Posts Dimensionality Reduction - Machine Learning

Dimensionality Reduction - Machine Learning

In Machine Learning or Statistics, dimensionality reduction is the process of reducing the number of random variables under consideration by obtaining a set of principal variables. This can be achieved using two processes: Feature Selection and Feature Projection

Feature Selection

  • Feature selection methods try to find a subset of the original variables by the following strategies:
    • the Filter strategy (e.g. information gain)
    • the wrapper strategy (e.g. search guided accuracy)
    • the embedded strategy (features are selected to add or be removed while building the model based on the prediction scores)

Feature Projection

  • In this post, we are more focused on approaches that help with feature extraction for high-dimensional data. Feature projection transforms data in the high-dimensional space to a space of fewer dimensions. The transformation may be linear or nonlinear depending on the approach we take and the type of data we have on hand.

Feature Projection Techniques

  • Principal Component Analysis (PCA)

    • PCA takes a dataset with a lot of dimensions and flattens it to 2 or 3 dimensions so that we can take a look at it
    • It tries to find a meaningful way to flatten the data by focusing on the things that are different among the variables (or features)
    • PCA looks at the variables/features with the most variation
    • The first principal component (or axis) lies in the direction where the variation in the dataset is the maximum.
      • The second PC is in the direction of the second most variation axis
      • and so on…
    • The number of dimensions of the dataset is equal to the number of PCs after the dataset has been projected from higher dimension to lower dimension

    • Formulation of Principal Component
      1. A random axis (passing through origin) is drawn at first in the sample space and each point in the dataset is then projected to the axis.
      2. The distance of each projected point from the origin is calculated and their sum of squares is calculated
      3. This is done for every possible axis passing through origin
      4. The one with the highest square sum gives the 1st PC (as it is the one along the direction with maximum variation in the dataset)
      5. Similarly, the second largest sum for the axis is taken as the 2nd PC and so on…
        • NOTE: The PCs are orthogonal to one another.
    • Implementing PCA on a 2-D dataset
      1. Normalize the data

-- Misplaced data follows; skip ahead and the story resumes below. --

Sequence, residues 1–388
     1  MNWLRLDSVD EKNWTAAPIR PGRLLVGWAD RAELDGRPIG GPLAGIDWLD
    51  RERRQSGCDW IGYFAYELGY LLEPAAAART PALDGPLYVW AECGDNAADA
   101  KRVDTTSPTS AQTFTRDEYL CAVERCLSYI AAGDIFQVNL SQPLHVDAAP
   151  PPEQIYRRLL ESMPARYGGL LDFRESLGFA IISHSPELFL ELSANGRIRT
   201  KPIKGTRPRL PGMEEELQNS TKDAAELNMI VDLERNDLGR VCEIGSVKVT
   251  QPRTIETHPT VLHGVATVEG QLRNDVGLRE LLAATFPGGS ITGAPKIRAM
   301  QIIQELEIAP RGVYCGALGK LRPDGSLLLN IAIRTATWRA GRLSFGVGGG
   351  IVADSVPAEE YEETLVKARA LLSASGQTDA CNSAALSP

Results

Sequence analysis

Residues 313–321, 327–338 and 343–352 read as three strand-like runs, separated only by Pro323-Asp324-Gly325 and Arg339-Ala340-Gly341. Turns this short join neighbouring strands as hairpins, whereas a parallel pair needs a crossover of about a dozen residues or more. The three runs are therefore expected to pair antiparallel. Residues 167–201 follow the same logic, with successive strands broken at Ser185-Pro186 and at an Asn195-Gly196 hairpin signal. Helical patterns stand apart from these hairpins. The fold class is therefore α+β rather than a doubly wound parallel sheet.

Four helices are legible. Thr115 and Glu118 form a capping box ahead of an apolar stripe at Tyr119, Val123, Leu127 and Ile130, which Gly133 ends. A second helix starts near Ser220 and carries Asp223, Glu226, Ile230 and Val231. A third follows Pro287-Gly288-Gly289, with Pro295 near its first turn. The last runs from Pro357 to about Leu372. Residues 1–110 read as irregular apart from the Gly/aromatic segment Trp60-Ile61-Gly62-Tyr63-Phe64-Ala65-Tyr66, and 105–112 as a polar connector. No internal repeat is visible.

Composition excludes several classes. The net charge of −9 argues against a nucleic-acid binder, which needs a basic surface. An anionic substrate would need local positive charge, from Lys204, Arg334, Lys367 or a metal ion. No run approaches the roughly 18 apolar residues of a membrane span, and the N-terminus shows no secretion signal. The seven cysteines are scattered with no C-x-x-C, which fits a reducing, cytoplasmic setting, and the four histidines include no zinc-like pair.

• Done by subtracting the respective means from the numbers for each feature
        • This produces a dataset whose mean is zero
      2. Covariance Matrix
        • Compute the covariance matrix for the dataset
           Matrix (Covariance) = $$ \begin{bmatrix}Var[X_2] & Cov[X_1, X_2]\\Cov[X_2, X_1] & Var[X_2]\end{bmatrix} $$
      3. Eigenvalues and Eigenvectors calculation
        • Calculate the eigen values and vectors for the above calculated covariance matrix
        • \(\lambda\) can be defined as the eigen value of a matrix A if if satisfies the following characteristic equation
            det($$\lambda$$I - A) = 0
        • Also, for each eigen value \(\lambda\), there exists a corresponding eigen vector v such that
            ($$\lambda$$I - A)v = 0
      4. Forming a feature vector
        • Order the obtained eigenvalues from largest to smallest so that it sorts in the order of its significance
        • If we have a dataset with n variables (or features), then we will have n number of eigenvalues and eigenvectors
        • To reduce the dimensions of the dataset, just select the first p eigenvalues and ignore the rest.
        • Now, we form a feature vector which is a matrix of the eigenvectors as shown below
            Feature Vector = ($$eig_1, eig_2, eig_3,  ... $$)
      5. Forming Principal Components
        • We now form our principal components using the above calculated figures
            NewData = $$ FeatureVector^T * ScaledData^T$$
        • So,
          • NewData is the matrix consisting of the principal components
          • FeatureVector is the matrix containing the eigenvectors
          • ScaledData is the scaled version of original dataset
    • To implement PCA with Python checkout this code here!
  • Linear Discriminant Analysis (LDA)

    • LDA is like PCA, but it focuses on maximizing the separability among known categories
    • LDA tries to maximize the separation of known categories
Updated Apr 13, 2020 2020-04-13T14:47:03-05:00
This post is written by Ashish Jaiswal